Washington National Cathedral removes Confederate windows

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In a letter signed by the Right Reverend Mariann Edgar Budde, Bishop of the Episcopal Diocese of Washington; the Very Reverend Randolph Marshall Hollerith, Dean of Washington National Cathedral and John Donoghue, Chair, Cathedral Chapter the announcement was made earlier today to remove windows installed in 1953 and dedicated to Robert E. Lee and Stonewall Jackson, both generals in the Confederate army. The discussion began in 2015 following the shooting at Emanuel AME Church in Charleston, S.C.

“At that time, we began a process to engage this community in deep questions of racial justice, the legacy of slavery and God’s call to us in the 21st century. Over the past two years, we have heard from deeply passionate voices who have engaged with us and held us accountable to this process, and we thank them.

“The programs we have hosted, the conversations within our community and national events have brought greater focus on the key question facing us: Are these windows, installed in 1953, an appropriate part of the sacred fabric of a spiritual home for the nation?

“After considerable prayer and deliberation, the Cathedral Chapter voted Tuesday to immediately remove the windows. The Chapter believes that these windows are not only inconsistent with our current mission to serve as a house of prayer for all people, but also a barrier to our important work on racial justice and racial reconciliation. Their association with racial oppression, human subjugation and white supremacy does not belong in the sacred fabric of this Cathedral.”

It has not yet been determined what will replace the windows, and where the windows will be moved. Some points from the cathedral’s conversations:

 

  • We have asked whether it is possible to contextualize these windows or to augment them with other narratives. The Chapter concluded that there is no way to adequately contextualize these windows while keeping them within the sacred fabric of the Cathedral.
  • We want to be clear that we are not attempting to remove history, but rather are removing two windows from the sacred fabric of the Cathedral that do not reflect our values. We believe these windows can yet have a second life as an effective teaching tool in a place and context yet to be determined.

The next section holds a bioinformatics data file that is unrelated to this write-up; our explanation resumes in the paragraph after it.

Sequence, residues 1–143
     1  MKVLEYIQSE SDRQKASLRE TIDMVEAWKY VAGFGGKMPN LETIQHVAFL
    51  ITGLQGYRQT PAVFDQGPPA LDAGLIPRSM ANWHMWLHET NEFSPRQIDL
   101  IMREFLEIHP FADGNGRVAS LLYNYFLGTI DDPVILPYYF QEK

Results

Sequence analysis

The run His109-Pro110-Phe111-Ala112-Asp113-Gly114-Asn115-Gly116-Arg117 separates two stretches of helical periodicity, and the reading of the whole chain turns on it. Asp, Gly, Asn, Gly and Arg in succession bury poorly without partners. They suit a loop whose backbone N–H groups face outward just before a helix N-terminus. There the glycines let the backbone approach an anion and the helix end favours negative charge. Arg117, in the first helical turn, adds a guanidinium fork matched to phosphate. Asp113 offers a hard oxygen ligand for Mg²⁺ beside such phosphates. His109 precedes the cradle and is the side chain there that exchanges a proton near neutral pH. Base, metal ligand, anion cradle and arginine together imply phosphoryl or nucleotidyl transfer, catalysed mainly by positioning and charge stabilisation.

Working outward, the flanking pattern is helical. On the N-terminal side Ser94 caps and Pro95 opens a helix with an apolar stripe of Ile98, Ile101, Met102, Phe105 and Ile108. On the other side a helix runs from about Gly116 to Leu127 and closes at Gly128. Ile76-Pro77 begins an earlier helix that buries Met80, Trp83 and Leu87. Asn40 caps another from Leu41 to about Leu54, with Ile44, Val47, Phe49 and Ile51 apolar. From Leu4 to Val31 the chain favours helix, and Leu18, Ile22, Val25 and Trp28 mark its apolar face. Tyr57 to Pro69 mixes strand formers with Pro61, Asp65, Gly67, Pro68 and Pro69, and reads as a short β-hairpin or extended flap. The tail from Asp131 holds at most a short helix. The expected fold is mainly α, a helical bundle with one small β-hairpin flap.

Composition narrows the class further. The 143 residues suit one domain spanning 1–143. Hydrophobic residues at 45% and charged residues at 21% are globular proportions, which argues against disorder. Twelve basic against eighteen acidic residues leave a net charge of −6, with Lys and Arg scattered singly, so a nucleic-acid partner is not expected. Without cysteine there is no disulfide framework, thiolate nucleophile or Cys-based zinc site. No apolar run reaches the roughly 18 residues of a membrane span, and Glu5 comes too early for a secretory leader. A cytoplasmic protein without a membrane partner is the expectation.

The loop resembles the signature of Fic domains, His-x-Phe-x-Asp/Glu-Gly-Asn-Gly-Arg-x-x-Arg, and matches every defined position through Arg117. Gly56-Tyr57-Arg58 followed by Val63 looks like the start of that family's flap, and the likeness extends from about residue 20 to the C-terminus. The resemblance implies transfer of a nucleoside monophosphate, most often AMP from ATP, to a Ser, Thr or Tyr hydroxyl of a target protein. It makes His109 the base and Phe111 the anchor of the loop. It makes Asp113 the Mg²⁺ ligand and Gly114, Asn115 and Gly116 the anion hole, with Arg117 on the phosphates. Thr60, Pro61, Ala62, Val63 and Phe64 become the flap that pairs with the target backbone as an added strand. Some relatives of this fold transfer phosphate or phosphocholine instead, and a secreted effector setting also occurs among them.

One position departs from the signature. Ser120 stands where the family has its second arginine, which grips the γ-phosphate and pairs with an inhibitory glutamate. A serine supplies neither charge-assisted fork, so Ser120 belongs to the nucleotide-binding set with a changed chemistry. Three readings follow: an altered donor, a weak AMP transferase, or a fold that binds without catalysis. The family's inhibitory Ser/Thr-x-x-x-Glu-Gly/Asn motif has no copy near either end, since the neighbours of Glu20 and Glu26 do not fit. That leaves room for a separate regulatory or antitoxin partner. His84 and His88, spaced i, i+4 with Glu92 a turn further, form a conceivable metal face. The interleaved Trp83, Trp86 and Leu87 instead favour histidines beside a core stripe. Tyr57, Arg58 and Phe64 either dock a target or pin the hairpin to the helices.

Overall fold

• The recent violence in Charlottesville brought urgency to our discernment process.  We find ourselves compelled by the witness of others, moved by the presence of God in our midst and convicted that the Holy Spirit is pointing us toward the answer. The continued presence of white supremacy, anti-Semitism and other forms of hate in our nation cannot be ignored – nor will they be solved simply by removing these windows or other monuments. The racial wounds that we have seen across our nation compel us to renew our commitment to building God’s Beloved Community.

 

From the Washington Post:

“On Wednesday as the scaffolding was put up, some tourists began gathering, including a few who seemed concerned by the idea that the windows were being taken out.

“The windows are among some 200 in the soaring Gothic building, in addition to hundreds of other carvings and fabric and other kinds of art. They are located in a bay in the middle of the nave, or sanctuary space. They each have four panels, one honoring the life of Jackson and the other Lee.

“They show the men at points in their academic, military and spiritual lives. Kevin Eckstrom, a Cathedral spokesman, noted that they are praised in wording alongside the windows as pious Christians. “The problem is that they are shown as saints,” he said Wednesday.

“The Cathedral plans to keep the windows and find a way to display them in historical context, he said.

“‘People ask: “Are we whitewashing history and trying to forget reality?” But the truth is that slavery is as old as the Bible. But we believe in a God that liberates slaves,’ he said.”

Photo from WNC site.

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